Our own network, Federated Media, detailed in an email to us how it’s handling the shift.
On background, it’s worth noting that Federated Media (FM) is one of the largest ad agencies in the world. comScore’s latest report places it at #6 in the US, which is in the range of Yahoo and AOL, with an audience of over 180 million unique visitors monthly. That is to say that FM is likely a good barometer of what’s going on in the industry as a whole.
FM, like many agencies, has put some focus on direct-sold advertising in the past (yep, banner ads). In 2011 the company reports that these units accounted for 15% of its revenue. In 2012, that number decreased to 11% and for 2013 the projection hits ground zero as FM will be moving away from direct-sold media entirely. The direction? Conversational and Programmatic Media, with a projected 40/60 revenue split between the two.
As FM’s founder and executive chairman John Battelle pointed out in a recent blog post, “If we don’t figure out better models for how to get the ‘content creator’ paid, we risk losing the oxygen that feeds the web ecosystem.” Until recently the idea has been that some sort of in-kind traffic driver would help sites to get more money for their display ads, but the entire system is breaking down, becoming overtaken by Programmatic Media.
But first, a primer:
So what is it? Essentially Programmatic Media (PM) is a way for sites who have display ads running to keep them filled, while simultaneously offering demand-driven pricing to the advertiser. The transaction typically happens through a real-time bidding platform and, as FM noted with its acquisition of Boulder-based Lijit Networks in October of 2011, it offers a viable lifeline to both sides of the display ad equation.
But if the display ad is dying, why not just move away from it entirely? For that answer we have to look at the market demand. For companies hoping to achieve top-of-mind awareness there’s still value to be had in having your name and/or logo in front of targeted users. It’s likely that we still have a good many years remaining where display ads will, in the course of a more broad campaign, still have a foothold on the Internet. That is too say that it’s too early to start typing the eulogy of the display ad market just yet, so companies are finding a way to do it better.
Direct & Conversational Media
Even if you’re not familiar with the terms, chances are that you’ve seen direct and conversational media in use. Direct media, in short, refers to “in-stream” advertising that aligns with the content of a chosen site. Twitter accomplishes this via sponsored tweets, Facebook via sponsored stories and some websites will run pre-written “advertorial” content, usually with a disclaimer at the beginning.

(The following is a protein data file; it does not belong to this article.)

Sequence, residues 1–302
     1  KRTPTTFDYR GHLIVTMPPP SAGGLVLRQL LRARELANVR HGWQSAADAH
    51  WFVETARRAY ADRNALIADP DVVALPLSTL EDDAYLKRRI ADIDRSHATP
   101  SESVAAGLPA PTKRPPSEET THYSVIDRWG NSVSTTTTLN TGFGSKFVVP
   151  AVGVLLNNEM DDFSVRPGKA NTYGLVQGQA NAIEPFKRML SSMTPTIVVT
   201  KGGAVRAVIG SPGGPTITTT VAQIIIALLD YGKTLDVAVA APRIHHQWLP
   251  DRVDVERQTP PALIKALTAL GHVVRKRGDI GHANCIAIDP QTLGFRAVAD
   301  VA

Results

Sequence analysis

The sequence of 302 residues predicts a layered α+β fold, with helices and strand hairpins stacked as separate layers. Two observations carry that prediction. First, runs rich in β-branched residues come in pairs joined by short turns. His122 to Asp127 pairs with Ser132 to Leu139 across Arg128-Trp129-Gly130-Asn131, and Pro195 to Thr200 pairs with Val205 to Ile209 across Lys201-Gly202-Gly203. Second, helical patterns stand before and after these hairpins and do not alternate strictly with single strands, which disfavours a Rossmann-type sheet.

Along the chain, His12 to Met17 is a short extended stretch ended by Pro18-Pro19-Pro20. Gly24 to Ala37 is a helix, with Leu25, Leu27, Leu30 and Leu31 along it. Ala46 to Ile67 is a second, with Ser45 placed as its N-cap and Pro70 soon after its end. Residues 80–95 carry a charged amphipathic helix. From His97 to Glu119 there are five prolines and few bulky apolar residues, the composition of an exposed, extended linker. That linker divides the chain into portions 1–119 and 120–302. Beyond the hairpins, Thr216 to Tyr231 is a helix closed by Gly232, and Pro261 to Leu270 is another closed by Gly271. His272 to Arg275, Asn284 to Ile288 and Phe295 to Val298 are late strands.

Conversational Media (CM) is a bit more tricky. It aims to align an advertiser with a topic, rather than having the advertiser itself be the subject of the post. We happily and heavily use Conversational Media on TNW because it allows us to write the content ourselves, while providing sufficient visibility for the advertiser. You can check out this article on small business tech trends for an example. In essence, CM is content that we’d be writing anyway, but with a “brought to you by” statement at the top.
The Future of Federated Media
So what’s it mean for the company? That’s pretty cut and dried – Say goodbye to direct-sold banner ads because they’re gone in 2013. In fact, FM has reduced its staff by 24 people who were on the direct sales side, and hopes to add at least 40 more programmatic positions in 2013. Though the cuts account for less than 10% of the company’s workforce they’re still notable because of being a direct relation to the end of an era.
FM already holds the reins at one of the largest programmatic ad exchanges in the world, and the company is focusing directly on Programmatic, Conversational and Direct media by opening two new units that are directly responsible for the management of these positions.
We’re not quite yet at the point where banner ads are gone for good, but we’re getting a lot closer. But when one of the world’s largest ad agencies says that it’s time to say goodbye, it’s worth sitting up and listening.
By Brad McCarty